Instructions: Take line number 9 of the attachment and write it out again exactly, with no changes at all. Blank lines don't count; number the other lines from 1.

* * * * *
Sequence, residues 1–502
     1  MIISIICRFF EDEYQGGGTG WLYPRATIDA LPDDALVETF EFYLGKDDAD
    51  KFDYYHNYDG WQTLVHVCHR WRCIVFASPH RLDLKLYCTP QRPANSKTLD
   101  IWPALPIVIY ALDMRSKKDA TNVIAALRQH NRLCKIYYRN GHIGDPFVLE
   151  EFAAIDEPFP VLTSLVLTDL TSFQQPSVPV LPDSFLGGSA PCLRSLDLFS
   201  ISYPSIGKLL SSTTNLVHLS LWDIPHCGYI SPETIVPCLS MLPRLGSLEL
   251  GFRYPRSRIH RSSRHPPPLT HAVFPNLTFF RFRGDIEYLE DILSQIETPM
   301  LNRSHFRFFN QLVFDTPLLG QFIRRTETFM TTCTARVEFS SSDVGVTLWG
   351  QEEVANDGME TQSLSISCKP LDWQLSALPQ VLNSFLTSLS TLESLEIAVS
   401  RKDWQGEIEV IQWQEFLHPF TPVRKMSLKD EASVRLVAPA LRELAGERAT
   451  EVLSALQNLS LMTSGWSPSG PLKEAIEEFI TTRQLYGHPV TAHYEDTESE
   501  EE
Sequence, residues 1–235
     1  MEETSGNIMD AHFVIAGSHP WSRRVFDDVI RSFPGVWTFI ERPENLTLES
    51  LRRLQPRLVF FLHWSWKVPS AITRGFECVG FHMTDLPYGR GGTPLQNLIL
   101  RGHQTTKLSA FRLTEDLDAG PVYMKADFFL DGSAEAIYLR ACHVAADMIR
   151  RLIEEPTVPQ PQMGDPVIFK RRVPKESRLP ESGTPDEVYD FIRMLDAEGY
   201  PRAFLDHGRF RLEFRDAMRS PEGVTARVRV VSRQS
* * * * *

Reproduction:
   351  QEEVANDGME TQSLSISCKP LDWQLSALPQ VLNSFLTSLS TLESLEIAVS